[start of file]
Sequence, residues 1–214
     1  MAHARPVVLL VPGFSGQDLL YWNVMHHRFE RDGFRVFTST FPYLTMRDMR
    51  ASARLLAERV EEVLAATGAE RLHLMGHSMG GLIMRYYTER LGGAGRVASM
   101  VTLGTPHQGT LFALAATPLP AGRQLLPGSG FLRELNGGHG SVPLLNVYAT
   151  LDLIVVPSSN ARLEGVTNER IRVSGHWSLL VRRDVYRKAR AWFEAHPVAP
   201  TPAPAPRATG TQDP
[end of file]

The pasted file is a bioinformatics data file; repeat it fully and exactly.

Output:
Sequence, residues 1–214
     1  MAHARPVVLL VPGFSGQDLL YWNVMHHRFE RDGFRVFTST FPYLTMRDMR
    51  ASARLLAERV EEVLAATGAE RLHLMGHSMG GLIMRYYTER LGGAGRVASM
   101  VTLGTPHQGT LFALAATPLP AGRQLLPGSG FLRELNGGHG SVPLLNVYAT
   151  LDLIVVPSSN ARLEGVTNER IRVSGHWSLL VRRDVYRKAR AWFEAHPVAP
   201  TPAPAPRATG TQDP